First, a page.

In early 2016,
National Public Radio (NPR) reported on a series of mysterious deaths in U.S. oilfields over
a six-year period.
The death of a 21-year-old worker in the Bakken region in January 2012
was one of those fatalities. One part of the worker's job was to climb
up to the top of a crude oil storage tank, open the hatch and drop a rope
into the tank to measure the oil level. It was the last thing he did,
because a co-worker later found him dead, laying next to the open hatch.
No Citations, No Fines
An autopsy revealed various hydrocarbons, including benzene and butane,
in the man's blood. However, the Occupational Safety and Health Administration
(OSHA), which investigates every workplace fatality, did not find any
safety violations, and the oil company involved did not face any fines.
Eight Similar Deaths
Ultimately, an investigative journalist working with Dr. Bob Harrison,
a specialist in occupational and environmental medicine, uncovered a pattern
of nine oil workers that mysteriously died in
oil field accidents over the previous six years. Like the individual profiled, a number of
them were healthy young workers.
Dr. Harrison believes each worker passed out after being overcome by petroleum
gases escaping from open hatches. Although the procedure is dangerous
and even deadly, the process of manually dropping a rope into a tank is
a cost-effective way the Bureau of Land Management (BLM) has found to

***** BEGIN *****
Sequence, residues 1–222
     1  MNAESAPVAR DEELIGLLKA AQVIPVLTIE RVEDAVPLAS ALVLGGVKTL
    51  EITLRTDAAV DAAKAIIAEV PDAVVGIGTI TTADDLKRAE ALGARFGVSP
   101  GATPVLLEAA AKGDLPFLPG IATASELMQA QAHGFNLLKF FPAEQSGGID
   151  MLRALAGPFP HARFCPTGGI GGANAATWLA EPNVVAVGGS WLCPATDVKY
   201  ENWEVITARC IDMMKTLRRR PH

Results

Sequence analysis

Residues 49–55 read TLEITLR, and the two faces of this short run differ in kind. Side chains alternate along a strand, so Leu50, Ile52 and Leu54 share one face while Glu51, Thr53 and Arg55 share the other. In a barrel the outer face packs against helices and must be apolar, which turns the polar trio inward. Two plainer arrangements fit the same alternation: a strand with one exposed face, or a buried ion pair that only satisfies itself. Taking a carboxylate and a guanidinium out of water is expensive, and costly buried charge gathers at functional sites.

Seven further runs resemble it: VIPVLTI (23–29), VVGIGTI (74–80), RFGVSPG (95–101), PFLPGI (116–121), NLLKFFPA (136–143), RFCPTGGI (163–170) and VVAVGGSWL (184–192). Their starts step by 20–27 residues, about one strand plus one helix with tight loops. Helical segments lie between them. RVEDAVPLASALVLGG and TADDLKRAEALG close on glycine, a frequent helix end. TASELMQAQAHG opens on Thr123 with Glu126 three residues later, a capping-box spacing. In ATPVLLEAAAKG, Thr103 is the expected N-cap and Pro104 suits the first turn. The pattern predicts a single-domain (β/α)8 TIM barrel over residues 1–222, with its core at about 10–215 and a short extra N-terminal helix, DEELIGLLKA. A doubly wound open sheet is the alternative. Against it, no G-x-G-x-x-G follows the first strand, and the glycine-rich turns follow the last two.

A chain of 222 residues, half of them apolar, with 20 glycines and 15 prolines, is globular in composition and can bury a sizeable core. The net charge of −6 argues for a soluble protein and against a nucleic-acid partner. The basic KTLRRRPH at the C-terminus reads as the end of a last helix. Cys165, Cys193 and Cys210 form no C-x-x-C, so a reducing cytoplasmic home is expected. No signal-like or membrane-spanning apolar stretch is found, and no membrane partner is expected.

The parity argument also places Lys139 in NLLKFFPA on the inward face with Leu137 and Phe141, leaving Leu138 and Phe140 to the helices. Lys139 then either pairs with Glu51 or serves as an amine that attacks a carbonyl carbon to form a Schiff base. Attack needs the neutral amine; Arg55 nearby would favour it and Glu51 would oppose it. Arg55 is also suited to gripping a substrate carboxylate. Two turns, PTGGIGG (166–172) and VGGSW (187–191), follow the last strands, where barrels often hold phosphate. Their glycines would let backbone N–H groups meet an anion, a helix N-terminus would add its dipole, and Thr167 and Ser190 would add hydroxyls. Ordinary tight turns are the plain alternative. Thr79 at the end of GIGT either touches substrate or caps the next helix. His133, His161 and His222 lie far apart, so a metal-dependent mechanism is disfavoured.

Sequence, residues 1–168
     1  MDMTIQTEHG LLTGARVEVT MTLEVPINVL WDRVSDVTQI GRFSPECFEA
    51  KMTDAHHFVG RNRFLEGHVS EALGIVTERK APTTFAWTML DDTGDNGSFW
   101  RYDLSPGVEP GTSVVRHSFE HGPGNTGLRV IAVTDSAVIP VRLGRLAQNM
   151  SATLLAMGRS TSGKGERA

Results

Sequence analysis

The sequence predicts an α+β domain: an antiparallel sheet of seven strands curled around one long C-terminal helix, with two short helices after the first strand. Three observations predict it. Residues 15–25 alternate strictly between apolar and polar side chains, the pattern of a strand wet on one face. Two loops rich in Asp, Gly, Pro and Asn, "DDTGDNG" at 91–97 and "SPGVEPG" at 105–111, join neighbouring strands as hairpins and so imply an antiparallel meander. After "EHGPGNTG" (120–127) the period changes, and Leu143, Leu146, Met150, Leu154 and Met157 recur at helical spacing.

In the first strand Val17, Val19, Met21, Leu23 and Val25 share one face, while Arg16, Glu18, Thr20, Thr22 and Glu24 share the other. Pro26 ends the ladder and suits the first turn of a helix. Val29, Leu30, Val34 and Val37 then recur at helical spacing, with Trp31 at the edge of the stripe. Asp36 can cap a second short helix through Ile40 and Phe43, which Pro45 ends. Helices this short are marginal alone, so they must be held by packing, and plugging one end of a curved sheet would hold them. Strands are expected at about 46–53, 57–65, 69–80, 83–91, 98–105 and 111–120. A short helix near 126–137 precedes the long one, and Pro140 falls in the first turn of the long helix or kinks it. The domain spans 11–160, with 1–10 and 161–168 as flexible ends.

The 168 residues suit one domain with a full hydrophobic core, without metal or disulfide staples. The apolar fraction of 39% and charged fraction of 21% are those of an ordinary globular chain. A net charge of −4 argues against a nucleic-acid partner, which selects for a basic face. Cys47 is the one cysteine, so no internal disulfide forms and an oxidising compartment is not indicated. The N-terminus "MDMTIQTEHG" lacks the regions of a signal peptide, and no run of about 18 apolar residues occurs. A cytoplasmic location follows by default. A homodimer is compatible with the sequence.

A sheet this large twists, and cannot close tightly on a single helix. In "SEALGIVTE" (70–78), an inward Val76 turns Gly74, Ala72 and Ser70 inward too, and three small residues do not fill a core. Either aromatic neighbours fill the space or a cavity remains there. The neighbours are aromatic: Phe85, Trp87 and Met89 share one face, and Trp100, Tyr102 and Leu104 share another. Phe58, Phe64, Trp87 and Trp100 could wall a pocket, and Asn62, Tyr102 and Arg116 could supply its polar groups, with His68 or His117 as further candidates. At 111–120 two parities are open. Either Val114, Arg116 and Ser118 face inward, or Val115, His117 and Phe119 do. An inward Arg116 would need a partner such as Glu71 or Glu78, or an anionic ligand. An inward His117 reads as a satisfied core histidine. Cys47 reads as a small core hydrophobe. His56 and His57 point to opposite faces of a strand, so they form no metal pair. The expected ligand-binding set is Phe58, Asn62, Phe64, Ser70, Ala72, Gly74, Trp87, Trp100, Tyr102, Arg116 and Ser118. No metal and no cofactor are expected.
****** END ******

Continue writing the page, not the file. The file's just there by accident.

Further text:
accurately measure oil recovered on public lands. Accurate measurements
are important since royalties accrue for every barrel of oil extracted.
Automation Allegedly Too Expensive
Automated oil measurement methods exist, but the estimated cost is $2,000
per tank. A spokesperson for the BLM says that the cost is too prohibitive
for many companies involved in operating some of the 83,000 oil wells
situated on federal land. An oil and gas safety trainer interviewed for
the NPR article says that worker exposure to deadly gases is an avoidable
hazard. Automatic measurement is the norm in areas not regulated by the
Bureau of Land Management, such as offshore and in Canada.
State worker's compensation laws address workplace injuries and fatalities.
In some cases, personal injury statutes apply as well. If you or a family
member is a victim of a Bakken oilfield accident, it is possible to discuss
your case with us, free of charge and without obligation. Our firm fights
hard to preserve the full legal rights of our clients. To learn more, please